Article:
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An infinite number of correct answers, part two
mini me + poo
OK, I looked at the question, thought that 'maths is about finding the simplest and easiest answer' and said '120 x 1'. I'm kicking myself slightly for not thinking of sqrt(120) x sqrt(120) first :)

JA(7) saw that 120 is a multiple of 20 and worked out that '20 x 6' was 120.

L said '2 x 60'.

Adult visitor P said that seven year olds probably wouldn't know anything higher than their twelve times tables and said '12 x 10'.

You lot had...

10 x 12 - two people
6 x 20 - three people
3 x 40 - one person
2 x 60 - two people
1 x 120 - one person

Three people gave lots of answers, typically all the natural (1, 2, 3, ..) ones

One person said that 'number' doesn't mean 'integer', which is true, but you weren't asked to give every possible answer, just (at least) one possible one. The marking notes said that (for example) 240 x 1/2 was to be treated as correct, for example.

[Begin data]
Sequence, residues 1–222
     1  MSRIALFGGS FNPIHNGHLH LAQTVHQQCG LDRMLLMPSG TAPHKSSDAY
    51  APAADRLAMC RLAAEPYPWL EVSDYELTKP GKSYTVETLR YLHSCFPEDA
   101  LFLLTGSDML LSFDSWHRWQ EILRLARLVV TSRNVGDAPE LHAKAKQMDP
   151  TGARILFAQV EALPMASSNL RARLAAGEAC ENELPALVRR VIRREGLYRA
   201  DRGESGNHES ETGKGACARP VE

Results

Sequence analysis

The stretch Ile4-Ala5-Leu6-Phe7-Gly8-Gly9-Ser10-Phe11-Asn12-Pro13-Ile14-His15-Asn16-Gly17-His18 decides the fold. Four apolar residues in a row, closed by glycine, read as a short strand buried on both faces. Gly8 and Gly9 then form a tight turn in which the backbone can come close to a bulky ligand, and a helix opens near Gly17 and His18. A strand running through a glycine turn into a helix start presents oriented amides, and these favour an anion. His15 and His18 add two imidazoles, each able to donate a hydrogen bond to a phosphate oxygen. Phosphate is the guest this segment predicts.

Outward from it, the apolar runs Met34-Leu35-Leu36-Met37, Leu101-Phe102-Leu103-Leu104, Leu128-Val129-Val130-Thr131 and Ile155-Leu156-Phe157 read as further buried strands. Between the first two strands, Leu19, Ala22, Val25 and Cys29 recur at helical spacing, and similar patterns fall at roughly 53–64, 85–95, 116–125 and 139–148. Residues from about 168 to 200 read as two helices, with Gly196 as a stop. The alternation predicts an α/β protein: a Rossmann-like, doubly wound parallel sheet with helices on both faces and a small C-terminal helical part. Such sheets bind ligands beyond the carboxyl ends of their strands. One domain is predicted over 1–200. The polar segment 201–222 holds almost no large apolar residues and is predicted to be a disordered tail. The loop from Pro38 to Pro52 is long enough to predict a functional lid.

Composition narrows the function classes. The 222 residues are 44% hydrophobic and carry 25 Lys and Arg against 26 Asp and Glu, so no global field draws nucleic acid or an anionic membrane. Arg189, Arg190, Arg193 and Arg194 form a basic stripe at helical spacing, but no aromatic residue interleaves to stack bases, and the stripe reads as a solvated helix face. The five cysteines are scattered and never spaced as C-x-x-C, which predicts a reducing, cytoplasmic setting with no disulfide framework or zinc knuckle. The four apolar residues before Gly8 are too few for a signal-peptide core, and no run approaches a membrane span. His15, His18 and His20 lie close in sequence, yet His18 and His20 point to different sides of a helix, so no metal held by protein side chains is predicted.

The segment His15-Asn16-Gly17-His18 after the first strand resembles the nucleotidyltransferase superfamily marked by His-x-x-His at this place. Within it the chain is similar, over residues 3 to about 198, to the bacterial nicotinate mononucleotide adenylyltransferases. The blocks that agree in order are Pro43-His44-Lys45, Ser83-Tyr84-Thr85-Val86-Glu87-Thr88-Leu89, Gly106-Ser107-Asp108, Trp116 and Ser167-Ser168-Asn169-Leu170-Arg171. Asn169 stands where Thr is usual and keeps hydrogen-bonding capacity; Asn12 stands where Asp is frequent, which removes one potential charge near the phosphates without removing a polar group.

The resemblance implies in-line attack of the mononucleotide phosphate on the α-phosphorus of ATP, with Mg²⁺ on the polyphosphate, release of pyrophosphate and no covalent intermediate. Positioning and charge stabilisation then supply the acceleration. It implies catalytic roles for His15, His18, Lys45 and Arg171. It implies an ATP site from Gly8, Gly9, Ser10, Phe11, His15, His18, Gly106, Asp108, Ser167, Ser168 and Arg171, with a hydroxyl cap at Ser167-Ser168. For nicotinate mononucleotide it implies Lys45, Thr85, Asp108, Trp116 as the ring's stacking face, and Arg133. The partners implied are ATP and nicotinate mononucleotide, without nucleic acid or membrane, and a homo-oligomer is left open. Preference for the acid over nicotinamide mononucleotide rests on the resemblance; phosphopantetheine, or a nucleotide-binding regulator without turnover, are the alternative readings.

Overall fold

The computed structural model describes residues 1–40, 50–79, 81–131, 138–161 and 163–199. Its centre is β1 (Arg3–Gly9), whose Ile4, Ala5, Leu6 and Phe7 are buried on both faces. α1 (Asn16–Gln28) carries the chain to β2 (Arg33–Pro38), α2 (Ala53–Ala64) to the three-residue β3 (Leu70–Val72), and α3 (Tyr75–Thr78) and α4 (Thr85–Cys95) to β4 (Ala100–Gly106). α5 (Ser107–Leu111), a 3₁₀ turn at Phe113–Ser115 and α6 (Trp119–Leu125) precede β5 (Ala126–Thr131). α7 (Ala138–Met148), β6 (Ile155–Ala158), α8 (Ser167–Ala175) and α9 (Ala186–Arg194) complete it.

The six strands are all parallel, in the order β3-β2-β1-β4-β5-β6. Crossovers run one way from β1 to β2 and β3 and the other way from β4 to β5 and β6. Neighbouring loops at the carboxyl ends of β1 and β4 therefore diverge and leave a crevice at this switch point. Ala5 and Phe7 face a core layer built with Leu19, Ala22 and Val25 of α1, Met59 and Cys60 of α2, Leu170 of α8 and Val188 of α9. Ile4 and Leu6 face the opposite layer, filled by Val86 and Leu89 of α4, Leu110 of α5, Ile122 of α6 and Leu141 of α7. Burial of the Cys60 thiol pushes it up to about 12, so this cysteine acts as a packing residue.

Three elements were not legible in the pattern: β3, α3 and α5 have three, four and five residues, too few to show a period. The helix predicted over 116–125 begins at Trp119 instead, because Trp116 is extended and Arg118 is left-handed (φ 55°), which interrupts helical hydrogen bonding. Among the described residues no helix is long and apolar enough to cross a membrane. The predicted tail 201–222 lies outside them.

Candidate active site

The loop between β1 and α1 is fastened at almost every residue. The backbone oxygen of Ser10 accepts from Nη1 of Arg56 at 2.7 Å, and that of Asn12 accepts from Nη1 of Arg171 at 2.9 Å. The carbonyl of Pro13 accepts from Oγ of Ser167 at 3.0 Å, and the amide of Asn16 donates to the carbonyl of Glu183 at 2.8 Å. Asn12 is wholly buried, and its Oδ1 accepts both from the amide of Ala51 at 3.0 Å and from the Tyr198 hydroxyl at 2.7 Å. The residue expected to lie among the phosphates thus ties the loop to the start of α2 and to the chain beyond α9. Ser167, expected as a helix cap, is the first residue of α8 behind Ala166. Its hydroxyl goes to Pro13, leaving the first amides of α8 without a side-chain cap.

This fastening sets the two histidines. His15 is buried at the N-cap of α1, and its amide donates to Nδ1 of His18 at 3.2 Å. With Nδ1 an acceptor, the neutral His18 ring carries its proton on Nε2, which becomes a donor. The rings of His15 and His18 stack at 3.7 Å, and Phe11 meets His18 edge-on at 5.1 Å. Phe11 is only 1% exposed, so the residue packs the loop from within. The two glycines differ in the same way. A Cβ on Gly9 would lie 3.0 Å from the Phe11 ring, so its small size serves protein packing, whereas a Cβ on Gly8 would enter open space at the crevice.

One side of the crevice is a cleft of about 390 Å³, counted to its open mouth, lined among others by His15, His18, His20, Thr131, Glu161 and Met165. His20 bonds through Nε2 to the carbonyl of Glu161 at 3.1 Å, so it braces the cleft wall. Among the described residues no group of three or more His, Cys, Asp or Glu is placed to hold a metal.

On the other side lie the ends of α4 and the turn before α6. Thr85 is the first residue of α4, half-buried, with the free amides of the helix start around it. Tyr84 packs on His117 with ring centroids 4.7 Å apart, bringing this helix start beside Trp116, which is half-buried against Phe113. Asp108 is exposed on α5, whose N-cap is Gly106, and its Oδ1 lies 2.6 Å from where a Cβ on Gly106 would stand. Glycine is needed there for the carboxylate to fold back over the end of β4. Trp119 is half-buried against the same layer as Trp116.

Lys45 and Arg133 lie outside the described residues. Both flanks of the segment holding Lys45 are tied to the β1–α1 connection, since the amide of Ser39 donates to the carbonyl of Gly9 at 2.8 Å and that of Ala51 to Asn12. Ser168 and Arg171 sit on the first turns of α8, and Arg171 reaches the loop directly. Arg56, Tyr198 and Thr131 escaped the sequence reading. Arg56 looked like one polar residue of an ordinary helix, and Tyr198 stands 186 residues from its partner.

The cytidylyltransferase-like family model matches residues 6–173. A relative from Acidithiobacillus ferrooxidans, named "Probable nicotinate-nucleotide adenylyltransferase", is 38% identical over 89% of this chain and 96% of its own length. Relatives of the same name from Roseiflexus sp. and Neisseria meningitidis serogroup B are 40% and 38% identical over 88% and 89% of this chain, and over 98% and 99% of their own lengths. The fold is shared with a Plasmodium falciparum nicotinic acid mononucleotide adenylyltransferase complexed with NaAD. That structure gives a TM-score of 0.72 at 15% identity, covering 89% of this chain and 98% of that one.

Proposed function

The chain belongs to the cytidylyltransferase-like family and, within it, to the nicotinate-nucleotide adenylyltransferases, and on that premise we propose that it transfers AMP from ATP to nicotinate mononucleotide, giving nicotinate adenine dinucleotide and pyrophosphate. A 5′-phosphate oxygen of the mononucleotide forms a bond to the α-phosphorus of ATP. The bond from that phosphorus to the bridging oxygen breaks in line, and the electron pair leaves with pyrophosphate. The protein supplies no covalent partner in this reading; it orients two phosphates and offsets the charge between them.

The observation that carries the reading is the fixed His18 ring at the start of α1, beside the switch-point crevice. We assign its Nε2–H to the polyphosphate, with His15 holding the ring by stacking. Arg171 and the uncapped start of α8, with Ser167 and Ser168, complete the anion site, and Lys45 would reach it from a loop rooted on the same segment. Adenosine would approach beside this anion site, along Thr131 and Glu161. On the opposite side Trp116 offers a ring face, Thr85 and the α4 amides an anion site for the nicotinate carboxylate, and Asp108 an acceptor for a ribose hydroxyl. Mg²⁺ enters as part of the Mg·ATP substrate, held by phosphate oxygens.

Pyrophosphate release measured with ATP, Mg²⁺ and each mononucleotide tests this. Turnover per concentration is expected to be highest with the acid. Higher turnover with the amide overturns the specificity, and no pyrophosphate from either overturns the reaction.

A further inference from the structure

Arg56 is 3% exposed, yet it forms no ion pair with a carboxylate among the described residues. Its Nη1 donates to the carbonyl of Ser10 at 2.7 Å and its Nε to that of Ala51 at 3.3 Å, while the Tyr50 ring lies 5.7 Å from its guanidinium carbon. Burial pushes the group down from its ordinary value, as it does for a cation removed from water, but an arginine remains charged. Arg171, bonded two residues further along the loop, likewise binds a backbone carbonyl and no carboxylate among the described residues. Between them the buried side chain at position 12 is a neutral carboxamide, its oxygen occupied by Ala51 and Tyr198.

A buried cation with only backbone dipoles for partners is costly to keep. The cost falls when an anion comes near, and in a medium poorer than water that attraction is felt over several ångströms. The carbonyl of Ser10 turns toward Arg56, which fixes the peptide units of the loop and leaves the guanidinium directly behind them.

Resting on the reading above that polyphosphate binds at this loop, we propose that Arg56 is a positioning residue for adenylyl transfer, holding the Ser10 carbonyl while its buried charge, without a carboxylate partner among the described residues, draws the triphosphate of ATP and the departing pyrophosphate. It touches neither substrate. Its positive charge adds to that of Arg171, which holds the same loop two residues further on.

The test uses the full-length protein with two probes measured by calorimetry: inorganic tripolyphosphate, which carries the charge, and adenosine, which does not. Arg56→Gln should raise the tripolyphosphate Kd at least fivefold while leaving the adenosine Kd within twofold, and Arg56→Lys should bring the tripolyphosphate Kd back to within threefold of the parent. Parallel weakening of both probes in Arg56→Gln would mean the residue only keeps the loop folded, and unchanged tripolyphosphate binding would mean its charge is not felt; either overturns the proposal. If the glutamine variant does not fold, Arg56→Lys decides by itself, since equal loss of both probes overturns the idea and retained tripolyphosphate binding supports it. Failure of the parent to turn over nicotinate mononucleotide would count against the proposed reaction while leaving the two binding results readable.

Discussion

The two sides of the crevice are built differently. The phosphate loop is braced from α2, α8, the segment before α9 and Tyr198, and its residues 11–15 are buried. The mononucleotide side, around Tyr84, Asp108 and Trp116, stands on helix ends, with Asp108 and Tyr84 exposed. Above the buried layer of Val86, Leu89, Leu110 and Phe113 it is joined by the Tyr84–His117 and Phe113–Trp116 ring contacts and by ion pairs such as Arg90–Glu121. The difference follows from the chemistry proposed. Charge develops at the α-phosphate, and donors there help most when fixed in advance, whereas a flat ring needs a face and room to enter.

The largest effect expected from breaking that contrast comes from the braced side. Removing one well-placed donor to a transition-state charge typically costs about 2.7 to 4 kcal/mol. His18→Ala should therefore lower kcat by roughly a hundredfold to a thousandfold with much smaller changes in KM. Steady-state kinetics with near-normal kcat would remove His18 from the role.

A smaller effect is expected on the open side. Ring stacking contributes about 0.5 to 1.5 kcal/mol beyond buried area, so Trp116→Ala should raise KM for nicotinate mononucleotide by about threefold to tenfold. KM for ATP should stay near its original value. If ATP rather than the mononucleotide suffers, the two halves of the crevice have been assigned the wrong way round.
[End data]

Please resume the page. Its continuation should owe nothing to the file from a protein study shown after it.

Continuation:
One person said 30 x 40, which alas is 1,200. Of course, those could have been the numbers Harry picked too - it doesn't say he got the sum right :)

I'm afraid I suspect Paul's attempt (two complex numbers) would get no marks, although this is partly my prejudice about the maths of infant school teachers: would they recognise the answer as being correct?

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Are you confident that my answer is correct?

didn't anyone else try for a "weird" answer?

I will confess to not expanding it out, but it ends up as 60+60, doesn't it?

Let's see...

(10, −10)⋅(6, 6) = (10x6 - -10x6, -10x6 + 10x6)

= (60 - -60, -60 + 60)

= (60 + 60, 0)

= (120, 0)

aka 120, so yep.

I'll leave it to you to explain complex numbers to people :)

Nope, including the square root was as wierd as anyone else got. Mind you, I haven't had a response from some of the other maths people yet.

My full response was in the comments: which in addition to lots of example depending on what type of number was allowed also gave what I thought was the general complex number solution a+bi x 120/(a+bi), a+bi <>0.

Though of course 120/(a+bi) is not expresed in standard complex form which would, I think, be 120a/(a^2+b^2) - 120b/(a^2+b^2)i.

(Deleted comment)
No, I think that was the first correct answer in their marking scheme (then 2x60, 3x40 etc).

Teaching children that one times 'something' = 'something' now happens before any other multiplication from what I've seen.

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